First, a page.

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Screening of Compounds from an FDA-Approved Drug Library for the Ability to Inhibit Aspartic Protease Secretion from the Pathogenic Yeast <em>Candida albicans</em>
ISSN: 2167-7689
Pharmaceutical Regulatory Affairs: Open Access
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Screening of Compounds from an FDA-Approved Drug Library for the Ability to Inhibit Aspartic Protease Secretion from the Pathogenic Yeast Candida albicans

Cho O, Shiokama T, Ando Y, Aoki N, Uehara C, Maeda E, Matsumoto S, Kurakado S and Sugita T*

Department of Microbiology, Meiji Pharmaceutical University, 2-522-1 Noshio, Kiyose, 204-8588 Japan

*Corresponding Author:
Sugita T
Department of Microbiology
Meiji Pharmaceutical University
Noshio, Kiyose, Tokyo 204-8588, Japa
Tel: +81-424-95-8762
E-mail: [email protected]

Received date: August 21, 2014; Accepted date: September 16, 2014; Published date: September 19, 2014

Citation: Cho O, Shiokama T, Ando Y, Aoki N, Uehara C, et al. (2014) Screening of Compounds from an FDA-Approved Drug Library for the Ability to Inhibit Aspartic Protease Secretion from the Pathogenic Yeast Candida albicans. Pharmaceut Reg Affairs 3:126. doi:10.4172/2167-7689.1000126

Copyright: © 2014 Cho O, et al. This is an open-access article distributed under the terms of the Creative Commons Attribution License, which permits unrestricted use, distribution, and reproduction in any medium, provided the original author and source are credited.

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Abstract

The pathogenic fungus Candida albicans causes disseminated candidiasis with a poor prognosis in immunocompromised hosts. Secreted aspartyl protease (Sap) from the microorganism acts as a hydrolase to facilitate invasion into host tissues. Inhibition of Candida Sap activity could be a new treatment strategy for candidiasis. In the present study, we screened compounds from an FDA-approved drug library, Screen-Well, for their ability to inhibit Candida Sap activity. Sixteen compounds (piroxicam, carbidopa, nisoldipine, cerivastatin, fluvastatin, mycophenolic acid, rapamycin, bleomycin, bortezomib, 5-fluorouracil, floxuridine, fumagillin, pentamidine, albendazole, fenbendazole, and amprenavir) inhibited Sap activity in a dose-dependent manner in vitro, although strain differences in the activity of the compounds were observed. Our study shows that existing drug compounds have the potential to inhibit Sap activity.

Keywords

Candida albicans; Secreted aspartyl protease; Inhibitor; FDA-approved drug library

Introduction

Although the yeast-like fungus Candida albicans colonizes mucosal surfaces in healthy individuals, it is capable of causing disseminated candidiasis from mucosal infection in immunocompromised hosts. Disseminated candidiasis is life-threatening and its prognosis is very poor [1-3]. To cause an infection, the pathogen invades host tissues. C. albicans secretes aspartic protease (Sap) as a hydrolase into the host tissue [4-5]. C. albicans Sap plays an important role in not only host tissue invasion but also inactivation of complement, defensin, and lactoferrin, which are involved in host defense.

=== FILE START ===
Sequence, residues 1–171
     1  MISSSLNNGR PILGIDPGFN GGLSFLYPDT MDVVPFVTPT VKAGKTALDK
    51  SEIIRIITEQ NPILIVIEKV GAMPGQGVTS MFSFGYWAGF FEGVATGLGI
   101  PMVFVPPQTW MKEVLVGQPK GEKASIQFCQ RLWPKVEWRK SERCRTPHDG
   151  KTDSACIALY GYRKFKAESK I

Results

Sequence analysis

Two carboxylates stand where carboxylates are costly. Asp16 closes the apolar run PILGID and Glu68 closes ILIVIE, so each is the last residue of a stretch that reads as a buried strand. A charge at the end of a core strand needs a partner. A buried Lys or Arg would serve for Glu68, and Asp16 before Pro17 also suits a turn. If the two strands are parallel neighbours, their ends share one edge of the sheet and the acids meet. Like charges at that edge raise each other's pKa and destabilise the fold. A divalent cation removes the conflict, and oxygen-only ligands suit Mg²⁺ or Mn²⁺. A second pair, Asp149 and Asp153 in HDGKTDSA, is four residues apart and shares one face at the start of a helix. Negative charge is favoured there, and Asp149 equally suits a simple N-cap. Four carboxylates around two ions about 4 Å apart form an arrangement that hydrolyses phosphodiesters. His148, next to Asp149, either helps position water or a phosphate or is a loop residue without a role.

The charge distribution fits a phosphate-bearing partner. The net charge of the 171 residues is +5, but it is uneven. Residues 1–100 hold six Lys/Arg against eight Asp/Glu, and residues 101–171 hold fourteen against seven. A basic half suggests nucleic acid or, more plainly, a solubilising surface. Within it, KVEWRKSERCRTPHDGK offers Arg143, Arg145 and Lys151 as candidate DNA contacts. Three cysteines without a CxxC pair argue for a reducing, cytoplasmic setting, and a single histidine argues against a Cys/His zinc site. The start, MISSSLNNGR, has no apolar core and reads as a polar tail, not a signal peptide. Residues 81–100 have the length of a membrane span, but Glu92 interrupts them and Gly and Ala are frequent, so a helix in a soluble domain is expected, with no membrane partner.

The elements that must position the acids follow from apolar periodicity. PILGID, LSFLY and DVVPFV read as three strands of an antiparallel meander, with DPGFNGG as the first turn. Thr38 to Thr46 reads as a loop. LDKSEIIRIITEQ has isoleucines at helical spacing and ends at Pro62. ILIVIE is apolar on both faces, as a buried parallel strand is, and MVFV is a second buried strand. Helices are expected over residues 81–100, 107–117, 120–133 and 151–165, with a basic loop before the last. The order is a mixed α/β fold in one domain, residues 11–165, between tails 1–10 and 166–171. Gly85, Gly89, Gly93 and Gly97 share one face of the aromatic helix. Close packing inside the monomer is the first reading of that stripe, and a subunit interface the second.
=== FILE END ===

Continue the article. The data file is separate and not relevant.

C. albicans has 10 Saps (Sap1 to Sap10). Sap1, Sap2, Sap3, Sap8, Sap9, and Sap10 are produced mainly by the yeast form, while Sap 4, Sap5, and Sap6 are produced mainly by the hyphal form [6,7]. Their optimal pH range is 3 to 5. In an animal model, the survival rate of animals infected with SAP gene-disrupted cells was significantly higher than that of those infected with wild-type cells [8]. Therefore, it is obvious that Sap is a major virulence factor in C. albicans.

Antifungal drugs—including amphotericin B, azole derivatives, and echinocandin—have been widely used to treat candidiasis; however, the number of antifungal drugs is small compared to that of antibacterial or antiviral drugs. As fungi are eukaryotic organisms, like humans, achievement of selective toxicity against fungal cells is more difficult compared to bacteria or viruses. In addition, the number of drug-resistant C. albicans clinical isolates has increased [9-11].

During the last decade, various drugs targeted to virulence factors of fungi have been developed. The structure of C. albicans Sap2 and HIV protease are similar, which likely explains the fact that adhesion of C. albicans to tissues was reduced by HIV protease inhibitors (PIs) [12].

In the present study, we identified compounds in an FDA-approved drug library that function as Sap inhibitors.

Materials and Methods

Strains examined

Four C. albicans strains (J2-36, J2-40, J2-73, and J2-80) were examined in this study. They were isolated from the blood of candidiasis patients and are resistant to fluconazole, itraconazole, and voriconazole. Strains were maintained on Sabouraud dextrose agar (2% glucose, 1% polypeptone, 0.5% yeast extract, 1.5% agar) at 37°C.

Reagents

An FDA-approved drug library, Screen-Well™, Japanese version (Cosmo-Bio, Tokyo, Japan), was used for the screening study. The drugs were dissolved in dimethyl sulfoxide (DMSO) and adjusted to a concentration of 1 mg/mL. The library consists of 635 drugs, which are listed in Table 1.

pharmaceutical-regulatory-affairs-Compounds-showed

Table 1: Compounds that showed Sap inhibitory activity against C. albicans strains.

Screening of sap inhibitors